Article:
by Janna Jensen and AnnMaria De Mars
5.NF.B.4 Apply and extend previous understandings of multiplication to multiply a fraction or whole number by a fraction.
D2.His.13.3-5 Use information about a historical source, including the maker, date, place of origin, intended audience, and purpose to judge the extent to which the source is useful for studying a particular topic.
Students need access to a computer with web browser.
This lesson begins with a storyboard on the route and major events of the Ojibwe migration. Students then play the Forgotten Trail game, followed by watching a video on map reading. As a group, students reflect on the challenges of the Ojibwe migration, compute the distance for just one segment and convert the distance from miles to kilometers.
Storyboard on the Ojibwe Migration
Begin with this story board on the route and major events of the Ojibwe migration. We recommend having students read each section of the story as it advances. Alternatively, the teacher may read it to the class or students can read it to themselves either on devices in the classroom or at home.
Watch a video on how to find the mean
Warning: bad singing ahead. This short video tells how to find the mean – in song.
Play the Forgotten Trail Game
Students should play the game at least through the first level. The game begins with a middle school class learning about the Ojibwe migration. Students will solve math problems related to the average number of miles walked per day and fraction of distance covered.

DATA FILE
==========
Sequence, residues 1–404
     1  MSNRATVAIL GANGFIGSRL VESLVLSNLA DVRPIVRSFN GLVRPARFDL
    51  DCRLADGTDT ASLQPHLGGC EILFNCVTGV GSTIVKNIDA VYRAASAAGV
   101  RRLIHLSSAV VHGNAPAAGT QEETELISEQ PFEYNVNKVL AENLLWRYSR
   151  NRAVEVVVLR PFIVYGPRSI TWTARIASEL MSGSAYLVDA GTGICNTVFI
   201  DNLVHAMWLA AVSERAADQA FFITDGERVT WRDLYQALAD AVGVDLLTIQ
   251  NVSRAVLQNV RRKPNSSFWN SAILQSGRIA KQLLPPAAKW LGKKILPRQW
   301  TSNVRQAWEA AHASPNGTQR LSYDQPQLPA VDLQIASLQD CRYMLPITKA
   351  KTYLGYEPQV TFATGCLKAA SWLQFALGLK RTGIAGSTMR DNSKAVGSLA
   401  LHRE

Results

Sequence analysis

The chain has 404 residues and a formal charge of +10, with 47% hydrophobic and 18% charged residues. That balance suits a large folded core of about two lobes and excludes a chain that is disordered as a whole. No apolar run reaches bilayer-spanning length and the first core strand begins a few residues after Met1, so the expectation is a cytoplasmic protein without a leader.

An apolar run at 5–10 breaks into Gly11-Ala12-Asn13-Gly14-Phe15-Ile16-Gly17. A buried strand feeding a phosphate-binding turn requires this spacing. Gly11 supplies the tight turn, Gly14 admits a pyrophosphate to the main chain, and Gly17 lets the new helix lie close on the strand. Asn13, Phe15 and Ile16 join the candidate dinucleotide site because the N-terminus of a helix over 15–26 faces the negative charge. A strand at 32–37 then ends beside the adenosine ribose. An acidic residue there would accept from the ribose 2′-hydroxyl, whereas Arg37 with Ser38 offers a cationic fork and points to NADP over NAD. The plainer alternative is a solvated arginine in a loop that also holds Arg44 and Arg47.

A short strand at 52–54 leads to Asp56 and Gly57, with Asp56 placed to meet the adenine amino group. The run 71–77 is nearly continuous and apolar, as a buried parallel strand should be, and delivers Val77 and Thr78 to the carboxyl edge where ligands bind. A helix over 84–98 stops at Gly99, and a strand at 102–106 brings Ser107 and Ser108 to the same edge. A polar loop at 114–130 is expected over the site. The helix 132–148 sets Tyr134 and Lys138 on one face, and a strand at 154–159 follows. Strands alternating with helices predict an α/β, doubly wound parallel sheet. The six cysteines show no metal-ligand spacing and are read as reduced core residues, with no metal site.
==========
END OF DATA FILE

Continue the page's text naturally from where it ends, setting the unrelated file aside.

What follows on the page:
Watch a video on using scales in maps
This video is 7 minutes and covers what is a scale, how to use one and that different maps have different scales. If you feel your students are already familiar with this information, you may skip this video. In the days of Google maps and GPS we have found students often are not as familiar with this information as you might assume.
Presentation on Reflections on the Ojibwe Migration
In this Google slides presentation, students are asked to reflect on the Ojibwe migration. What would it have taken to survive such a journey? They use their map skills to estimate the distance of one leg of the journey, in both kilometers and miles.
Now that students have seen synonyms as words for the same thing and miles and kilometers as measures for the same distance, finish up with this short (less than 2 minutes) video on synonyms.
Slides 14, 18 and 21 can be printed out for students to answer individually, or can be answered as a group in class. Data are available on activities completed and math problems answered in the Forgotten Trail reports. For more information, check out our reports page.